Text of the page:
Carson soon finds that it is. He learns that GeneDyne geneticists are tinkering with a common virus with an eye on the enormous profit to be had from a cure for the flu. Their cure involves permanently altering DNA in humans, and Carson's job is to stabilize the virus. But Carson starts to wonder if this is justifiable, even for the most noble medical cause. Altering genes is a risky job, and the possibility of creating another killer virus is very real. What's more, Mount Dragon harbors another secret that puts the world at horrifying risk.
©2008 Douglas Preston and Lincoln Child; (P)2008 Brilliance Audio
"The writing team that scared the willies out of readers with Relic returns with a second, equally gripping novel of techno-terror." (Publishers Weekly)
"A delightfully gruesome yarn and an apt mirror of our love-hate relationship with science." (Business Week)
"Dynamic duo Preston and Child once again demonstrate their mastery of the genre....The thrillfest runs full force to the very last page." (Kirkus Reviews)
This book started off with a great premise and then proceeded to include every clichéd plot line possible. I wouldn't recommend it.
Lifetime reader, starting with the Boxcar Children through Harry Dresden and Mistborn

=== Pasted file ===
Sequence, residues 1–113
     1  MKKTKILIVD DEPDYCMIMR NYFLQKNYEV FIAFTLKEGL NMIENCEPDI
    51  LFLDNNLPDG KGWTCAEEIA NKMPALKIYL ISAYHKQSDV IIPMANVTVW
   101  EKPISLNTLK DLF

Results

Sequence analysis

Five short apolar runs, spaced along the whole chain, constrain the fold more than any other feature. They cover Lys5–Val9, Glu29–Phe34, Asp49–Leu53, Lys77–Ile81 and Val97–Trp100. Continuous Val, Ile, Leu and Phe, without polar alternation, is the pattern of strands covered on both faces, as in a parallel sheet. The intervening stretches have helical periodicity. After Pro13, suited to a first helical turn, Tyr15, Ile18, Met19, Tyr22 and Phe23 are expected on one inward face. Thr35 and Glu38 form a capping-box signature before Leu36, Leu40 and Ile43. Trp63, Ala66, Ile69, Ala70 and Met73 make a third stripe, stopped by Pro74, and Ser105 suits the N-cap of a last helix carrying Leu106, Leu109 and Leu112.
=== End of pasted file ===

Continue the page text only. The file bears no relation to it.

Yes, the scientific theories and the prose make the possibility that this could happen. Preston and Child always deliver a heart pounding, stomach churning story that makes you think "This really could be happening and I wouldn't know it!"
I was an avid reader of books before my work took most of my time so now I listen to Audible books when I'm exercising or walking my dog. I like mystery and thriller novels, particularly good serial killer novels. I'm a writer and a psychotherapist.
The suspense was great and I couldn't predict what was going to happen next.
I prefer reading books but don't have time. David Colacci did what good narrators do best and this is he read so well I didn't get focused on his voice or what I didn't like about his narration. I'll add him to my list of acceptable narrators.
Kept me listening when I should have been doing other things.
I don't know what happened at the end but it seemed like the writers just got tired of writing so they ended the book. The entire rest of the book was well written and highly suspenseful. I would recommend it even with the ending. It's a good book. I'll listen to more Preston and Child. This was the first time I've listened to a book by them.
The crazy man talking to his imaginary friend. What I like least was that the author did not develop a full back story for this character. Now, that would have been an amazing tale.